33rd Sunday in Ordinary Time, November 13

Thirty-Third Sunday in Ordinary Time, Year C

In every one of the three synoptic gospels we find a chapter just before the passion story that recounts Jesus giving a long sermon in Jerusalem. Luke places Jesus in the Temple precincts itself to deliver his message. And it’s a strange message indeed, at least to our modern ears—filled with provocative predictions about the future, with foreboding and catastrophic events that serve as warnings of even greater turmoil to come.
Every year the Church lectionary ends the annual liturgical cycle with such a message and continues the message through the beginning of Advent in early December, before yielding to the readings that prepare for the Christmas celebration. Every homilist bears the burden of making these strange sounding passages relevant to modern experience, a burden that everyone bears who wants to enter into the spirit of the readings. Despite the challenge, we all should recognize the important faith-filled proclamation that these readings actually represent.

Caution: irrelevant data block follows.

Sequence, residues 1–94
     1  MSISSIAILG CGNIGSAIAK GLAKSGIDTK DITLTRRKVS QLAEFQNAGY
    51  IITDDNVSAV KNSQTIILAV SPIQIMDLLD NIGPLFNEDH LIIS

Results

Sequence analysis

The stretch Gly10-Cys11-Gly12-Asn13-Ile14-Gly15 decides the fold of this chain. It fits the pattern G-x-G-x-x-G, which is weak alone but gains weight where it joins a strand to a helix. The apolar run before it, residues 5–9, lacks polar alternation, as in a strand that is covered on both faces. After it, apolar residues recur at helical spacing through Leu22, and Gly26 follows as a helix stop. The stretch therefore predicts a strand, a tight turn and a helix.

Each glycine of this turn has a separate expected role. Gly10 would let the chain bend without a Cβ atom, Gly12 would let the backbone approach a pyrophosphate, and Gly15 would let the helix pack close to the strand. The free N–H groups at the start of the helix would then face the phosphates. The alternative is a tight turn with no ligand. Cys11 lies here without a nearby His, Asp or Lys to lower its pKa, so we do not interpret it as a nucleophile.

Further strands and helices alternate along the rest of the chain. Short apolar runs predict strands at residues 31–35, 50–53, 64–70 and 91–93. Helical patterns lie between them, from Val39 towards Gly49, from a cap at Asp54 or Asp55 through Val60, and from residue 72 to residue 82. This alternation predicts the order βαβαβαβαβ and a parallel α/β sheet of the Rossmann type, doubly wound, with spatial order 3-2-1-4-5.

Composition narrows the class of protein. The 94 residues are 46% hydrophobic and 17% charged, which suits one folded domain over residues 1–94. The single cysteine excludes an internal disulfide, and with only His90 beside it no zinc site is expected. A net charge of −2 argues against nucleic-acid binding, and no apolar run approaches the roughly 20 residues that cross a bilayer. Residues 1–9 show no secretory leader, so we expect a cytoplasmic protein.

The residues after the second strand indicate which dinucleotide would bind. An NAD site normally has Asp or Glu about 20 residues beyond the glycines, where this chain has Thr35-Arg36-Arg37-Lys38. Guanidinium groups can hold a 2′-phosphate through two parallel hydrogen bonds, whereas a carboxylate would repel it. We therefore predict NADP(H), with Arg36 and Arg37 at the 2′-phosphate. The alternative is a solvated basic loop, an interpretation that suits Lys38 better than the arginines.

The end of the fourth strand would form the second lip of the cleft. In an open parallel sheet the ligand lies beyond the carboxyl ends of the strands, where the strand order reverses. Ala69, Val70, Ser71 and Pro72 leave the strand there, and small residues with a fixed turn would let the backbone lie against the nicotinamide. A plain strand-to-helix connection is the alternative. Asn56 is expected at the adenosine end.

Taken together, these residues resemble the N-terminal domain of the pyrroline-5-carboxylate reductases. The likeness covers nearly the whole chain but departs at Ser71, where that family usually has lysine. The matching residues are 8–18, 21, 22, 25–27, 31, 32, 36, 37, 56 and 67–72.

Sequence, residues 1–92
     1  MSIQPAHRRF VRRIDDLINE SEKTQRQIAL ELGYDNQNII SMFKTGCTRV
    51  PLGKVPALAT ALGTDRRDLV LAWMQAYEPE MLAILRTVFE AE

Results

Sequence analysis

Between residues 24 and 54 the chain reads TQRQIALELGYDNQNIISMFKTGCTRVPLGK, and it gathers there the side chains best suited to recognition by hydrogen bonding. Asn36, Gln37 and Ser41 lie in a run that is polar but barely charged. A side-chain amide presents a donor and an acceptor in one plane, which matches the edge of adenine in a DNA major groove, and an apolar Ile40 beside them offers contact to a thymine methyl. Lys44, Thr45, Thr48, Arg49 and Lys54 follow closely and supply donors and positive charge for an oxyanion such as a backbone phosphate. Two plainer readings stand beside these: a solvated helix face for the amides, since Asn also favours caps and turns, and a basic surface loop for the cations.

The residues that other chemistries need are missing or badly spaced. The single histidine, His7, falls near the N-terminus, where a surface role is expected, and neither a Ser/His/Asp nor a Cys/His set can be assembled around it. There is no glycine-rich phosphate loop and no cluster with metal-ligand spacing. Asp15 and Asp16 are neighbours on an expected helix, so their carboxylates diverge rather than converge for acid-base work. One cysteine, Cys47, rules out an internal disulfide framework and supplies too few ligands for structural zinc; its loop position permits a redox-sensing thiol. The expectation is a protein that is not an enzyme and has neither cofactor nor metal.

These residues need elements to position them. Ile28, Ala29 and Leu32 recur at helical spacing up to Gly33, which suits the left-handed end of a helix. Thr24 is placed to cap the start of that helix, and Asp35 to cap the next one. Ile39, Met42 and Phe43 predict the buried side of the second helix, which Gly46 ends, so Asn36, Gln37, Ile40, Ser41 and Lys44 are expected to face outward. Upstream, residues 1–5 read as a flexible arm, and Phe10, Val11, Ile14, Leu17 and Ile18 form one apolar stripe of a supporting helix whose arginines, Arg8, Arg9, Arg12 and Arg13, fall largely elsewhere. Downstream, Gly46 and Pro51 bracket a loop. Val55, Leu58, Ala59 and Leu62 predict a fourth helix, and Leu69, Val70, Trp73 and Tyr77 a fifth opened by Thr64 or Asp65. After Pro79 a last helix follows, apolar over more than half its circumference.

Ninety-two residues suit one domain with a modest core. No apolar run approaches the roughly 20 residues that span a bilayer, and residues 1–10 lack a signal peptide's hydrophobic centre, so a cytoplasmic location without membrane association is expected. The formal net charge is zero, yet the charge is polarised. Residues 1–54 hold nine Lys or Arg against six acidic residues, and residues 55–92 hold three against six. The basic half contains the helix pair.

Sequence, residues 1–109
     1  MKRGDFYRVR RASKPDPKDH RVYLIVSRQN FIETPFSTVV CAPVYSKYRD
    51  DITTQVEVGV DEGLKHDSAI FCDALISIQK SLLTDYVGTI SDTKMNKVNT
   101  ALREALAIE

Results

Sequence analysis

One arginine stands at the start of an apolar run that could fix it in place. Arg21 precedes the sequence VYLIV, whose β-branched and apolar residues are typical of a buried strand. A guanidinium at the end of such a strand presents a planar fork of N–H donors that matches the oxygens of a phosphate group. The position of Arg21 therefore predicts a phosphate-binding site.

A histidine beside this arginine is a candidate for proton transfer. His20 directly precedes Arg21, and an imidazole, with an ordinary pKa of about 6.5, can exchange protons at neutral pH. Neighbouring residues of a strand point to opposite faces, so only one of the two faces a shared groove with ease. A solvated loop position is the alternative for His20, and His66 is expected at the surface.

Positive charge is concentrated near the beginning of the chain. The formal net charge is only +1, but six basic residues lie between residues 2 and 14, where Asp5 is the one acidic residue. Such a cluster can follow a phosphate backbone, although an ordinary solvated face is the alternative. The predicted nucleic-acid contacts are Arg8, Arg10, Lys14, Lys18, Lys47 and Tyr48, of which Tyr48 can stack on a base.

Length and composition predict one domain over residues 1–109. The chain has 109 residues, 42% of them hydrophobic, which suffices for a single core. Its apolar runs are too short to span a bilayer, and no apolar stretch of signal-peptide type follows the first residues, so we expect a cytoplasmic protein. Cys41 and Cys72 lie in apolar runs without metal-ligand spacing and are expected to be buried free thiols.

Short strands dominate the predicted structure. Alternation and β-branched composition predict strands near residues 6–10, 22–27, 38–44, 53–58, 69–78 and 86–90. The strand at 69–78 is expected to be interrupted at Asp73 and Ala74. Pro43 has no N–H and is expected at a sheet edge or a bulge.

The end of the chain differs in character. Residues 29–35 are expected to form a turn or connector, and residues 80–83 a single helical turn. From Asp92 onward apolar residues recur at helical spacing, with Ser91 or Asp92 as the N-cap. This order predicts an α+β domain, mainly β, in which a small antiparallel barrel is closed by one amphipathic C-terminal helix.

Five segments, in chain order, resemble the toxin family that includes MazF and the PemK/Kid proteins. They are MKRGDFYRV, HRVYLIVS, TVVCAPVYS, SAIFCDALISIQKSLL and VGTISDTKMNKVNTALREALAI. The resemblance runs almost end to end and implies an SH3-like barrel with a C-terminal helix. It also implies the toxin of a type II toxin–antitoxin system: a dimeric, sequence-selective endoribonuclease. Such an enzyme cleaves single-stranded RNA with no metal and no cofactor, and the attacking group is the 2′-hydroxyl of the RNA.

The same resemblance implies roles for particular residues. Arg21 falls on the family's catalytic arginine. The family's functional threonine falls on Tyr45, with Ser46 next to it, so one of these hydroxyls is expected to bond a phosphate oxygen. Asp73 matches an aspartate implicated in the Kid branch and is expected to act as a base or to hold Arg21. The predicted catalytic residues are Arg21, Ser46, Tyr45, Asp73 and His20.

Our first reading from the prophet Malachi serves as the first introduction of this theme of courageous witness to the faith in time of persecution and distress. Note the high level of emotion that Malachi injects into his account, a feature so ingrained in the Scripture readings of coming weeks.On an entirely different track, our second reading is another instance of St Paul’s message of encouragement and admonition. He points to his own behavior as a model to follow and scolds those who are disruptive in the community.
—Walter Modrys SJ

This week’s readings can be found on the US Conference of Catholic Bishops’ website.

The New York Times article that Fr. Modrys references, Apocalypse, Now What? by Matthew Thompson, can be found here at nytimes.com.